- Cantata No. 140, "Wachet auf, ruft uns die Stimme," BWV 140 (BC A166)
- Cantata No. 29, "Wir danken dir, Gott, wir danken dir," BWV 29 (BC B8)
- Cantata No. 112, "Der Herr ist mein getreuer Hirt," BWV 112 (BC A67)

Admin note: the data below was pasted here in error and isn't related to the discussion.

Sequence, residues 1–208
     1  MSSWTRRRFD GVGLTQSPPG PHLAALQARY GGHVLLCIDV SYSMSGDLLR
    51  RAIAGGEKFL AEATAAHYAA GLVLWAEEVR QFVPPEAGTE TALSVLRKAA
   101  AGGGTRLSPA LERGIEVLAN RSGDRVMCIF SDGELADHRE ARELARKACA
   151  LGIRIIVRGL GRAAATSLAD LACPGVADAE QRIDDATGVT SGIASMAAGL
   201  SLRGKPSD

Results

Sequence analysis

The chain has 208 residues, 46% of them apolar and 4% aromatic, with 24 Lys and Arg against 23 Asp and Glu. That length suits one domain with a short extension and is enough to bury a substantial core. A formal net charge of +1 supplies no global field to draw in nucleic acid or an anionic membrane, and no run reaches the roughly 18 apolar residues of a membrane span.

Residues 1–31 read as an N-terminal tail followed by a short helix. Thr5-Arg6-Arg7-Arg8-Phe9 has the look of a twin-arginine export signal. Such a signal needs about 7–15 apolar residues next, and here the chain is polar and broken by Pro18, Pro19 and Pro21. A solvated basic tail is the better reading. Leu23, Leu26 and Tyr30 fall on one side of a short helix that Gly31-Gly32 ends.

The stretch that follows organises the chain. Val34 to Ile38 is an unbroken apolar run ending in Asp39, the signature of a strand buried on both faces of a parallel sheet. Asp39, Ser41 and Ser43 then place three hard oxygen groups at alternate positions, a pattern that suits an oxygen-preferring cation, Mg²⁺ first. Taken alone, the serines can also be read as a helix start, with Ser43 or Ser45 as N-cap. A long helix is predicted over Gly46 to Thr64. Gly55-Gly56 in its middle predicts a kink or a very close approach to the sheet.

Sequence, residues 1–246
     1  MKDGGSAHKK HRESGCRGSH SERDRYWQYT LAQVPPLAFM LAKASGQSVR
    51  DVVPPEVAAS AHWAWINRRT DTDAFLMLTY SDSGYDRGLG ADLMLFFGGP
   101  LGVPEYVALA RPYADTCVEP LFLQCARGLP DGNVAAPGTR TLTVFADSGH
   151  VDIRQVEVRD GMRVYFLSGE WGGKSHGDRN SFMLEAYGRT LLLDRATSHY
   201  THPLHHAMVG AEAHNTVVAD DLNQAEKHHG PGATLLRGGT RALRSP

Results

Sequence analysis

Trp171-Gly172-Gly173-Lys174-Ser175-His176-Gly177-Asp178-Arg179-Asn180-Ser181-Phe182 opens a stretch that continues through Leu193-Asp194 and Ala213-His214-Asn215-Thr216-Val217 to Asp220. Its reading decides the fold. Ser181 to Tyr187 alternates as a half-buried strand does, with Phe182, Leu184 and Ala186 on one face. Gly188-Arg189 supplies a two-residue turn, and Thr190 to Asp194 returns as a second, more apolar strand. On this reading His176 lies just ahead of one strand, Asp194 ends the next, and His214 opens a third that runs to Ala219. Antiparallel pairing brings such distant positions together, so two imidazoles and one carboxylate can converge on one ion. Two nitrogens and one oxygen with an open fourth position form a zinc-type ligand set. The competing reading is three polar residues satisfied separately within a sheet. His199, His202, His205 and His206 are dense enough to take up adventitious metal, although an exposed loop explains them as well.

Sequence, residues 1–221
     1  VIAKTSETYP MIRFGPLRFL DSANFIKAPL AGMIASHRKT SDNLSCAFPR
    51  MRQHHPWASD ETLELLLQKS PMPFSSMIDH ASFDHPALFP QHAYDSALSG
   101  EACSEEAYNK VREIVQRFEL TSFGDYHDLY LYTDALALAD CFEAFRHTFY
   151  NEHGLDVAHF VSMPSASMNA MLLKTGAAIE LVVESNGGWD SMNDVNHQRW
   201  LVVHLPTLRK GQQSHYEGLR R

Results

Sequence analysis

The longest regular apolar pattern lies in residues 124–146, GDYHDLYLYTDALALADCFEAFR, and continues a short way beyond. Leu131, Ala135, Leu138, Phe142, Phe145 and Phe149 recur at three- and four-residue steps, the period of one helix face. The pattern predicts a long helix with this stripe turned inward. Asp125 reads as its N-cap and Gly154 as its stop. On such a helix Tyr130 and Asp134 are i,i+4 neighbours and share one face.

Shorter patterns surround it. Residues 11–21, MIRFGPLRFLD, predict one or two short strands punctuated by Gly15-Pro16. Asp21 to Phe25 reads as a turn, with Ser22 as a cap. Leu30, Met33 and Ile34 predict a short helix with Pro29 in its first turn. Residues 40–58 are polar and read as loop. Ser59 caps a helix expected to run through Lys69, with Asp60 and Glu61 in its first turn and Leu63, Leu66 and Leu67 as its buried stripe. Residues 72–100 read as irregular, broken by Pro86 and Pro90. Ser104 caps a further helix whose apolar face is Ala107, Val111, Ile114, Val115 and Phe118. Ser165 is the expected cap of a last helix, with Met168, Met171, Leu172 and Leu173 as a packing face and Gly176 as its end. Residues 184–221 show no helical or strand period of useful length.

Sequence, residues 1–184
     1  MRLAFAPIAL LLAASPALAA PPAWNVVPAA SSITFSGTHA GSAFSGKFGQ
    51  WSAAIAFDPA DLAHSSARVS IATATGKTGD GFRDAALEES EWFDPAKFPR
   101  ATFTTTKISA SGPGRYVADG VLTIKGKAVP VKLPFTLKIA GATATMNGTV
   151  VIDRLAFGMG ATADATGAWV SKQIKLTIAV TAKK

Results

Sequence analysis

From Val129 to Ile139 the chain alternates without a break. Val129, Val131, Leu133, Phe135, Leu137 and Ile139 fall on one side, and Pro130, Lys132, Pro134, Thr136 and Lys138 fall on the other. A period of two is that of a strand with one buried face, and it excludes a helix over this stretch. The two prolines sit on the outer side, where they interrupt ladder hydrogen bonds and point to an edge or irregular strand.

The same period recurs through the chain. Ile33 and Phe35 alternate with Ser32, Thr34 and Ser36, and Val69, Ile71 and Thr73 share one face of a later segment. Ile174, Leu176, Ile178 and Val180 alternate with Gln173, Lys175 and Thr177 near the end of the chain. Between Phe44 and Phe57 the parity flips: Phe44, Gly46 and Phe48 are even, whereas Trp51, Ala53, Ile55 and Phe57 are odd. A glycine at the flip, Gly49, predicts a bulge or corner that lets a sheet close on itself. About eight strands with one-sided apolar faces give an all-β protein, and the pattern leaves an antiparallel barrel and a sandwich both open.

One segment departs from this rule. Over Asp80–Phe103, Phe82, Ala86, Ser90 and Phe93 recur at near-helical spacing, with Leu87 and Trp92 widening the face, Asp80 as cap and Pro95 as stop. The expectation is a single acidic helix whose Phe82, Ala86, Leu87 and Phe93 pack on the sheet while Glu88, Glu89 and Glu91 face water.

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As Japanese conductor Masaaki Suzuki's magisterial cycle of Bach's complete cantatas nears its end, there have been some obscure works, albeit performed as precisely and elegantly as usual. It may come as a surprise, then, to notice that Suzuki has saved arguably the most famous Bach cantata of all, the "Cantata No. 140, Wachet auf, ruft uns die Stimme, BWV 140," almost for last. The cantata is presented along with two other cantatas Bach composed in Leipzig in the 1730s and 1740s, and the album as a whole is as good a place to start with this series as any other. Indeed, the opening chorale of the work serves as an excellent demonstration of the virtues of Suzuki's series, with the intricately interlocking instrumental parts under the fugue carved out with startling delicacy. The chorale theme when it returns is taken quite quickly, while the arias are given space, resulting in a vivid set of contrasts without the application of operatic drama. The soloists themselves are familiar ones from those who have been following the set, and they haven't flagged with time; soprano Hana Blaziková's voice has a silvery edge that seems tailor-made for Suzuki's style. The other two cantatas, the tuneful "Cantata No. 129, Der Herr ist mein getreuer Hirt, BWV 129," and the sizable "Cantata No. 29, Wir danken dir, Gott, wir danken dir," are not as famous as the "Cantata No. 140," but each yields many delights here. As throughout the series, Suzuki's end product reflects hard work of the best kind.